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Civility now

With their actions regarding Harriet Miers, it will be difficult for conservatives to object to the way nominees they favor in the future are treated

Issue: "New Orleans' comeback kids," Oct. 22, 2005

When Ronald Reagan made Robert Bork a Supreme Court nominee in 1987, the assault was immediate and savage. Sen. Ted Kennedy took to the floor of the United States Senate within 15 minutes to denounce "Robert Bork's America . . . a land in which women would be forced into back-alley abortions, blacks would sit at segregated lunch counters, rogue police could break down citizens' doors in midnight raids, children could not be taught about evolution."

That was a high point. So relentless and unprincipled was the attack on Mr. Bork that a new verb was born, "to bork," which The New York Times defined as "to destroy a judicial nominee through a concerted attack on his character, background and philosophy."

When Clarence Thomas was nominated in 1991, liberals attempted a borking but lost. In the years since, conservatives have often denounced this resort to the tactics of personal destruction against judicial nominees.

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Now, though, many so-called conservatives have eagerly embraced the weapons of borking, originally forged on anvils of the left, for use in their crusade against Harriet Miers, even though she is pro-life, pro-gun, and loyal to the president. Those tactics? Anonymous allegations of intellectual deficiency, rumors of scandals as yet unrevealed, hints of jurisprudential unreliability, and-of course-relentless personal attacks.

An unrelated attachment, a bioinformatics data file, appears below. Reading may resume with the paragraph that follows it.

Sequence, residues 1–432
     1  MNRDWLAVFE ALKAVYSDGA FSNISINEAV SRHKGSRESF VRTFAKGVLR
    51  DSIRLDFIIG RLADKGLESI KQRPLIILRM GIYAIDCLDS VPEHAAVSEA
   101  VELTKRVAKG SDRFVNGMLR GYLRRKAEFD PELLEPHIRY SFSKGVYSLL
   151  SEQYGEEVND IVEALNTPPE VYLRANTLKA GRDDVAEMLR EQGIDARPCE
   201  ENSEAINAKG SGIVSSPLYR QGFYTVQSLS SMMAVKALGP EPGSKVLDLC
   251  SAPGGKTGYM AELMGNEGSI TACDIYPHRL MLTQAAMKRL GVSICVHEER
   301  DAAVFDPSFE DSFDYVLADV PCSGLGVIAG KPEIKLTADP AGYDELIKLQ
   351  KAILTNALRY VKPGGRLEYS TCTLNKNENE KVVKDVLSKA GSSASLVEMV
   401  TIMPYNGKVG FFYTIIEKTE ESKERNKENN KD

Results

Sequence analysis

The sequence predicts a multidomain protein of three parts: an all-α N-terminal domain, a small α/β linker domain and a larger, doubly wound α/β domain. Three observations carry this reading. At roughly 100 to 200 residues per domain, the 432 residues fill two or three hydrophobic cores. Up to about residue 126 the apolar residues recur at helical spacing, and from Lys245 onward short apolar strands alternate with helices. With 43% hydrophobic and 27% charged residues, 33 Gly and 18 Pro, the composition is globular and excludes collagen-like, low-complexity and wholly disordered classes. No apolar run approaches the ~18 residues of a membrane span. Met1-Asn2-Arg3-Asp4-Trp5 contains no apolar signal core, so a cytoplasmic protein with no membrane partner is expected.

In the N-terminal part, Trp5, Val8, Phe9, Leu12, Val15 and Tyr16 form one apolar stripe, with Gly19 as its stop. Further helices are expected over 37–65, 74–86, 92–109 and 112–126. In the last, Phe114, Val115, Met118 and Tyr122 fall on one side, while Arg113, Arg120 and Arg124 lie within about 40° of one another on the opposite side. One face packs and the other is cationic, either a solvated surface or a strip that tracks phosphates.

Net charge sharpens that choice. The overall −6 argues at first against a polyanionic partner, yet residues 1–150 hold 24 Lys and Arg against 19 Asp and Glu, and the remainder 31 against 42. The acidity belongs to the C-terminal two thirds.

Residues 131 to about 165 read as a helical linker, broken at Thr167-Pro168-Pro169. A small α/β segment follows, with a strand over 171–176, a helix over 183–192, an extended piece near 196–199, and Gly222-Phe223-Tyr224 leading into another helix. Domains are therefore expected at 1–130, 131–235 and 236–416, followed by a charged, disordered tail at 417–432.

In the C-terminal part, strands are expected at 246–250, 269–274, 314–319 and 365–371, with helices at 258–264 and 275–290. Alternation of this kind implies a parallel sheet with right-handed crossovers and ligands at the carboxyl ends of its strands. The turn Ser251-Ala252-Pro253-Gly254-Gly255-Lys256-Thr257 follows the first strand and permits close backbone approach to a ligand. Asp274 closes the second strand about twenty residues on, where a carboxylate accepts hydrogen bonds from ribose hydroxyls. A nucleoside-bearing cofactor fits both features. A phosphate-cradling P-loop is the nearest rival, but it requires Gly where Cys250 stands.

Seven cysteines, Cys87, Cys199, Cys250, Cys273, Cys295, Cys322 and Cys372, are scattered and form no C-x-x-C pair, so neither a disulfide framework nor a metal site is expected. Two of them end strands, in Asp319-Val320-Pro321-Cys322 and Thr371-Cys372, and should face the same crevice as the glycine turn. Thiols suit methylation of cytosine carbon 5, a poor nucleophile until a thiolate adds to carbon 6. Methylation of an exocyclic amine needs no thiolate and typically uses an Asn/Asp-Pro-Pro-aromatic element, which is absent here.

It will be difficult for conservatives to object in the future to the employ of such tactics against nominees they favor. Similarly, the demand laid down by some on the right for a "paper trail" and certainty on judicial philosophy will morph into a demand by Senate Democrats for the same, and the objections mounted in the past to various lines of questioning will certainly sound hollow coming from any pundit denouncing Ms. Miers now for her purported lack of an "overarching" judicial philosophy.

Opponents of the Miers nomination from the right have every right to express their belief that nominee A or nominee B would have been a stronger nominee in their view. They do not know whether the Senate could have broken a filibuster, and they have not seen, of course, background files on their preferred candidate. But they can still assert their preference in terms that do not damage the long-term case for a return to civility and propriety in the nomination process.

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